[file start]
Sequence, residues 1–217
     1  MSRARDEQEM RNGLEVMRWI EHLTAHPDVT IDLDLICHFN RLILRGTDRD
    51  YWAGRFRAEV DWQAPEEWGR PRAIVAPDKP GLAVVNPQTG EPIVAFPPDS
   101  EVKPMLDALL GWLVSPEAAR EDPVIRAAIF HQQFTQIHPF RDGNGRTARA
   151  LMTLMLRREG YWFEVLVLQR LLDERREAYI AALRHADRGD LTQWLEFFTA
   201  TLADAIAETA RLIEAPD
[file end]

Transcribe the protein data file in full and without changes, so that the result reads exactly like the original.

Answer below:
Sequence, residues 1–217
     1  MSRARDEQEM RNGLEVMRWI EHLTAHPDVT IDLDLICHFN RLILRGTDRD
    51  YWAGRFRAEV DWQAPEEWGR PRAIVAPDKP GLAVVNPQTG EPIVAFPPDS
   101  EVKPMLDALL GWLVSPEAAR EDPVIRAAIF HQQFTQIHPF RDGNGRTARA
   151  LMTLMLRREG YWFEVLVLQR LLDERREAYI AALRHADRGD LTQWLEFFTA
   201  TLADAIAETA RLIEAPD